The Mayan ruins at Ek Balam.
Jeff Fromm

Stopping here is always a great respite from the Yucatecan sun, too, as you’ll be protected by a thatched roof. Those who make it to the top are rewarded for their efforts by a great panoramic view of the site and the surrounding jungle.

Other structures at the site include three palaces, a ball court, and the ancient entrance gate. Walking through the ruins is an easy stroll, and most of the path is shaded by mature trees.

Mayan pyramid at Muyil.
Emese Fromm


Though in ancient times Muyil, also known as Chunyaxche, was one of the most densely populated towns on the coast of the Yucatan Peninsula, it is a smaller site, hidden in the jungle. Since it sits in the northwest boundaries of the Si’an Ka’an Biosphere Reserve, visiting the archaeological site also includes walking through a dense, protected jungle. The site’s largest reconstructed structure is the Castillo. Standing at 57 feet tall, it is the highest building on the coast. Though reconstructed (in 1998), the stairway is still not safe, so it is closed to climbing, but it is spectacular. On the east side of the pyramid, a replica of an original bas-relief sculpture of herons is visible close to the top. A few other structures, including smaller pyramids and a cave, are also worth a stop. The path through it all is well-maintained gravel and is flat, making it a pleasant, easy stroll for visitors, regardless of fitness level.

The nature reserve near Muyil.

Don’t leave the archaeological site without a walk through the Si’an Ka’an Reserve, though. A path starting behind the Castillo leads to a small wooden hut, where for a modest fee you can enter the preserve and walk out to the lagoon. This trail, on a raised boardwalk, might be the highlight of your visit. Surrounded by dense jungle, walking above freshwater boiled up from cenotes, if you are quiet, you’ll likely encounter wildlife.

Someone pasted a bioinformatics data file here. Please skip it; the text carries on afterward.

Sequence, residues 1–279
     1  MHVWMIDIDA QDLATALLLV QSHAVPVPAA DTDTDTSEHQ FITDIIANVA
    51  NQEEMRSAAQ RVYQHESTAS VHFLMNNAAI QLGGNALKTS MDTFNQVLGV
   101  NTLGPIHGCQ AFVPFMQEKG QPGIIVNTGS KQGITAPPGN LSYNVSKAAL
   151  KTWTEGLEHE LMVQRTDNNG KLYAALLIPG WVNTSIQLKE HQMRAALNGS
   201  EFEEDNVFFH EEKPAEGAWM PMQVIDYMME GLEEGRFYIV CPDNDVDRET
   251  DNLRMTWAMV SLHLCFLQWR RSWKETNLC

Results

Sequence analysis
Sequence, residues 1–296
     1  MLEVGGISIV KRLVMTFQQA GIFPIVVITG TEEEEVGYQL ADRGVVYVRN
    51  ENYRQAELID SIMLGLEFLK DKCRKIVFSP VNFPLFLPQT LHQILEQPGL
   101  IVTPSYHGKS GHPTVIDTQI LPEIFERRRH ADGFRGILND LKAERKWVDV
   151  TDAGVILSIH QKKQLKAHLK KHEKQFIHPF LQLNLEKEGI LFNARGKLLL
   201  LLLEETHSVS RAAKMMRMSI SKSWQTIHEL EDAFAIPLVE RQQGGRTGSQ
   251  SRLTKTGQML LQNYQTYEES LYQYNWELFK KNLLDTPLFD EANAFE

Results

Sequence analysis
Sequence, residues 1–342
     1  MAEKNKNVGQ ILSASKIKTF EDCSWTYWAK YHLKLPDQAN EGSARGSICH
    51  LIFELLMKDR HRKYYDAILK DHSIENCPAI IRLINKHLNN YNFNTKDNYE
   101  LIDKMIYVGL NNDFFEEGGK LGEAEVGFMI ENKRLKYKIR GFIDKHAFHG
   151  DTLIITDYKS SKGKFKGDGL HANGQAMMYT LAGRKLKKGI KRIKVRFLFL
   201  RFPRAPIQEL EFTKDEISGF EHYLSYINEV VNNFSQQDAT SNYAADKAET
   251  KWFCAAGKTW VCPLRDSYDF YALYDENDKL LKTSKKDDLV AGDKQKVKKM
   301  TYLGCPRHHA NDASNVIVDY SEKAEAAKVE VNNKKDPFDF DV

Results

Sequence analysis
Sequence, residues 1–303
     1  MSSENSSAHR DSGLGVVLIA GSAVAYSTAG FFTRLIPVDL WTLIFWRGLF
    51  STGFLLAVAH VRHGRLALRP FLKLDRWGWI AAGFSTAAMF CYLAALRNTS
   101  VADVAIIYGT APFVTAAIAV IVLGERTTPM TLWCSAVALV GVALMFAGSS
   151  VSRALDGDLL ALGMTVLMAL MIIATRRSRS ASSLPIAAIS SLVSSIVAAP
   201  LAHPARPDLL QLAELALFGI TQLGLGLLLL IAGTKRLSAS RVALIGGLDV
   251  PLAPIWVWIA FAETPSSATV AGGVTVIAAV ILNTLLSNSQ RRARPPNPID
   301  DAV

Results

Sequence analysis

The pyramid at Mayapan.
Jeff Fromm


One of the last great Maya capitals before the Spanish arrived on the peninsula, Mayapan is like a smaller copy of Chichen Itza. In fact, its main building is an almost identical replica of the Pyramid of Kukulcan. Other than its size, the main difference is that visitors can climb this one and get a great view of the whole site.

Speaking of getting close to the structures, the Temple of the Painted Niches is open to walk through and you can enjoy the still-vivid colors of its murals, similar to those found in the central parts of Mexico. In fact, the murals are the only elements that differ from Chichen Itza. The Observatories, cylindrical buildings that are replicas of the Observatory of Chichen Itza, had the same astronomical use: tracking the planets. Carvings inside the Main Observatory show the tracking of the positions of Venus.

The Mayan ruins at Mayapan.

The ceremonial center on the west edge of the site comprises the most important structures, including the residences of the noble class, and administrative, religious, and government buildings. Temples, shrines, and altars are some other highlights of the site.

Though a relatively large site, Mayapan is easy to walk through, and the structures are not too high to climb. Off the tourist track, few people know about it and even fewer visit it, so chances are you will only encounter a handful of others, or might even find yourself alone with the ancient stones.

Jaguar Heads at the Chichen Itza ruins.

Tips For A Pleasant Maya Ruin Visit

When visiting any of the Maya ruins on the Yucatan Peninsula, make sure you have sun protection, sunscreen, and a hat, and wear lightweight clothes and comfortable walking shoes. Bug spray also goes a long way, especially in the wet season (winter months in the Northern Hemisphere). Don’t forget a water bottle.

To visit most of the above-mentioned sites, it is best to rent a car and drive to them, though public transportation is available for them, and some are part of tours from Tulum or Cancun. When driving on the peninsula, watch out for topez, or speed bumps, one on each end of any town or village. Just about everyone on the peninsula speaks English, especially the younger generation, but it might still be nice to understand and speak a few words of Spanish (or even Maya). Above all, bring your sense of adventure, and remember to have fun.

Also, why Maya and not Mayan? Scholars only use the adjective Mayan when referring to the family of Mayan languages (over 20 are still spoken), but simply use Maya for everything else, even as an adjective, including Maya civilization, Maya archaeology, and Maya ruins.

Still want to see the most famous ruins on the Yucatan? Here are seven tips for visiting Chichen Itza.